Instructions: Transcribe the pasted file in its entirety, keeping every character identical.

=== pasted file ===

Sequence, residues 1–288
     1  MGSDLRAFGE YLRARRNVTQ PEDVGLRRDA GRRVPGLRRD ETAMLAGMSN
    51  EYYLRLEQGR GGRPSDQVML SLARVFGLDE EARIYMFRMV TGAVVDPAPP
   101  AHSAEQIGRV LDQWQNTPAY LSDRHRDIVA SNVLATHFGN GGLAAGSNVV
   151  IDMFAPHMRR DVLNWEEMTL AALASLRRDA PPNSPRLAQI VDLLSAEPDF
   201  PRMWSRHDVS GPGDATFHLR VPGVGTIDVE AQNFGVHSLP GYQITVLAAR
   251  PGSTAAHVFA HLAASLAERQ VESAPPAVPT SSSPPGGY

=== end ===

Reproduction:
Sequence, residues 1–288
     1  MGSDLRAFGE YLRARRNVTQ PEDVGLRRDA GRRVPGLRRD ETAMLAGMSN
    51  EYYLRLEQGR GGRPSDQVML SLARVFGLDE EARIYMFRMV TGAVVDPAPP
   101  AHSAEQIGRV LDQWQNTPAY LSDRHRDIVA SNVLATHFGN GGLAAGSNVV
   151  IDMFAPHMRR DVLNWEEMTL AALASLRRDA PPNSPRLAQI VDLLSAEPDF
   201  PRMWSRHDVS GPGDATFHLR VPGVGTIDVE AQNFGVHSLP GYQITVLAAR
   251  PGSTAAHVFA HLAASLAERQ VESAPPAVPT SSSPPGGY